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Genes, brain, and emotionsInterdisciplinary and Translational Perspectives$
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Andrei C. Miu, Judith R. Homberg, and Klaus-Peter Lesch

Print publication date: 2019

Print ISBN-13: 9780198793014

Published to Oxford Scholarship Online: June 2019

DOI: 10.1093/oso/9780198793014.001.0001

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PRINTED FROM OXFORD SCHOLARSHIP ONLINE (oxford.universitypressscholarship.com). (c) Copyright Oxford University Press, 2021. All Rights Reserved. An individual user may print out a PDF of a single chapter of a monograph in OSO for personal use. date: 28 October 2021

Psychosocial stress and telomere regulation

Psychosocial stress and telomere regulation

(p.247) Chapter 17 Psychosocial stress and telomere regulation
Genes, brain, and emotions

Idan Shalev

Waylon J Hastings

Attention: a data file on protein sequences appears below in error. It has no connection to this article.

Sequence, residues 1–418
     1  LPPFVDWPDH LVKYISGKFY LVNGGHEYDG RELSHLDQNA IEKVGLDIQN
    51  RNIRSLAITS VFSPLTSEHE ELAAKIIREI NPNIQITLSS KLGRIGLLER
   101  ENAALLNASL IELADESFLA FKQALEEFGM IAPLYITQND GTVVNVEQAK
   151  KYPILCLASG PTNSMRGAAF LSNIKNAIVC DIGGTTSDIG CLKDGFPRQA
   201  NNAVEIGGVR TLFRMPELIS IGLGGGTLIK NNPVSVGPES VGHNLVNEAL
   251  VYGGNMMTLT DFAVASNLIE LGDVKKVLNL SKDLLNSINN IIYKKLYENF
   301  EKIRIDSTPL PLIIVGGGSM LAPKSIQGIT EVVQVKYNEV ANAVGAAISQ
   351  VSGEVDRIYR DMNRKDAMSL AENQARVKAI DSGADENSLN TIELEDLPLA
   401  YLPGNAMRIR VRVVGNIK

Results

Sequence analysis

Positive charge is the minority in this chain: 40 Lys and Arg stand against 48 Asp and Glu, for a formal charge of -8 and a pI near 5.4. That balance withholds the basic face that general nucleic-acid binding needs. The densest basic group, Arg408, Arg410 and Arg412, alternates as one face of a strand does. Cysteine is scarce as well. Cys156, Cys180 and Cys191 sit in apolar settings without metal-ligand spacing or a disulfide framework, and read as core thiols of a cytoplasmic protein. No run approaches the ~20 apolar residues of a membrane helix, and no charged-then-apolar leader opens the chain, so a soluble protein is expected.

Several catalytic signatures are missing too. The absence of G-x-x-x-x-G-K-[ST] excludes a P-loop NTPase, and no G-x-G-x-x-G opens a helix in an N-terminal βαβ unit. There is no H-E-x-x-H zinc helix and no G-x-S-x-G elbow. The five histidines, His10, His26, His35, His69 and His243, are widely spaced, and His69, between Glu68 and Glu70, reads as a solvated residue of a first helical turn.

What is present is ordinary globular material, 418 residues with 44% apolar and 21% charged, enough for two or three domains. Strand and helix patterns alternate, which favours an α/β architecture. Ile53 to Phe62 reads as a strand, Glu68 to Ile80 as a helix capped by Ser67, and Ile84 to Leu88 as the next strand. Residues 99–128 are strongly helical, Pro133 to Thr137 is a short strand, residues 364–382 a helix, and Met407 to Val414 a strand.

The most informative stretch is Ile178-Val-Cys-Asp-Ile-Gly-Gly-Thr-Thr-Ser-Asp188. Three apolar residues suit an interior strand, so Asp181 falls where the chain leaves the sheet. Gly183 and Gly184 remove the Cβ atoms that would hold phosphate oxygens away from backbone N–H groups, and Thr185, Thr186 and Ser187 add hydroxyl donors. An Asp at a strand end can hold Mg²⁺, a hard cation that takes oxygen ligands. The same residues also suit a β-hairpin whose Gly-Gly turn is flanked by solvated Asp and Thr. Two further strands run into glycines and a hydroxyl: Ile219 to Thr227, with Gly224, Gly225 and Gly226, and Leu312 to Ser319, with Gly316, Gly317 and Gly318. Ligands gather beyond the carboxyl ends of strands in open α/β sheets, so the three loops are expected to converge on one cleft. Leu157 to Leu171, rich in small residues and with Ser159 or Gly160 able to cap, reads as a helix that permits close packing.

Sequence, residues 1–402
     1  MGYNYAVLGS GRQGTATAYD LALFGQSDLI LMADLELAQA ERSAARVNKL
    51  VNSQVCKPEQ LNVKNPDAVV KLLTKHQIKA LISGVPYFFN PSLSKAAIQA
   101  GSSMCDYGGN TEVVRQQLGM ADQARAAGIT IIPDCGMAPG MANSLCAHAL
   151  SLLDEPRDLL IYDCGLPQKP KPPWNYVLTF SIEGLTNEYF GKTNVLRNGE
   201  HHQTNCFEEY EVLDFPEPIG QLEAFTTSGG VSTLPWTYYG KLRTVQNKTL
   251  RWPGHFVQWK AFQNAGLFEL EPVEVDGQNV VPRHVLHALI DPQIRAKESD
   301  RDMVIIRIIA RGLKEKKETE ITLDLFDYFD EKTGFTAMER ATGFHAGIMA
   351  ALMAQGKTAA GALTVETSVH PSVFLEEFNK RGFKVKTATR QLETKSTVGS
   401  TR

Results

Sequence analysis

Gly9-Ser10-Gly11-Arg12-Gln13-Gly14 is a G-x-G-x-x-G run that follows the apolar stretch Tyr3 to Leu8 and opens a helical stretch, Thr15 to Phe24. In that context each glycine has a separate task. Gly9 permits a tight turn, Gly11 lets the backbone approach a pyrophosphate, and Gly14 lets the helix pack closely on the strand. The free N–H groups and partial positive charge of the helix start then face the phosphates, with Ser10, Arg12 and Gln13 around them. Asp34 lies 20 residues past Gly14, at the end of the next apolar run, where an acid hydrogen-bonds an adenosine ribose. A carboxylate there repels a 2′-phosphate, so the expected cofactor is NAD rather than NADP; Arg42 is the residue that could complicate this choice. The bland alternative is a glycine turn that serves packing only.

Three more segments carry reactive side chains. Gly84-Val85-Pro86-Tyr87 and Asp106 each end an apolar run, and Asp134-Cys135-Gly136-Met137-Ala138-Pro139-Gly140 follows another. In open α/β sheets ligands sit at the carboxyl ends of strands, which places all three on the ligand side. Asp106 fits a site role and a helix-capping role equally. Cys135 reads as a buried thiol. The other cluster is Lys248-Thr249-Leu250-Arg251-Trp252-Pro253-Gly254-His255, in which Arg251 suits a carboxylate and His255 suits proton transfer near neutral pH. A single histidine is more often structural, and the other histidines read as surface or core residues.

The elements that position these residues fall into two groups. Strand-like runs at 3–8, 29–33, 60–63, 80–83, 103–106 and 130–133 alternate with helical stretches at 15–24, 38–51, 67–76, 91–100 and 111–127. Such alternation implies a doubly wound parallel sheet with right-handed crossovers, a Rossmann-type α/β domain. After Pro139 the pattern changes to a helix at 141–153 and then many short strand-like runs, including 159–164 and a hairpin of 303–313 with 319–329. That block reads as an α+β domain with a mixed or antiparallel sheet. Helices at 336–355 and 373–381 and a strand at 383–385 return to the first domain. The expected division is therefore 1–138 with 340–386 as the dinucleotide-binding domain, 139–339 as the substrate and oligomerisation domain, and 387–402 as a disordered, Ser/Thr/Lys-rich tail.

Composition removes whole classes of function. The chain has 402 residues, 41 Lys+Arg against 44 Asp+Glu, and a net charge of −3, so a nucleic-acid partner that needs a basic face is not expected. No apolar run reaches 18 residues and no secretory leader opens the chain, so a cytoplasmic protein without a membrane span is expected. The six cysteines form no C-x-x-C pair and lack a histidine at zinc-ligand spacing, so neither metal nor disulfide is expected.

Oxford University Press

Telomeres, the repetitive nucleoprotein regions at chromosome ends, are hallmarks of biological aging. Deficiencies in the network of proteins and nucleic acids which govern telomere regulation result in their gradual erosion over time, and shorter telomere length is associated with chronic disease as well as all-cause mortality. Telomeres are also indicative of cumulative stress experienced across the lifespan. This chapter summarizes empirical evidence for the impact of lifelong psychosocial stress, lifestyle behaviors, and chronic diseases on telomere biology. This biological embedding of experiences involves complex interactions with cellular processes regulating telomere length. Before describing such interactions, the chapter chronicles intrinsic regulation of telomeres by enzymatic, RNA, and epigenetic mechanisms. It then considers the stress-related mechanisms implicated in telomere regulation, including neuroendocrine systems, immuno-inflammation, oxidative stress, and mitochondrial respiration. A full understanding of these processes can promote better clinical treatments and intervention efforts to reverse the damaging effect of stress on telomeres.

Keywords:   psychosocial stress, telomeres, aging, telomerase, oxidative stress, molecular mechanisms

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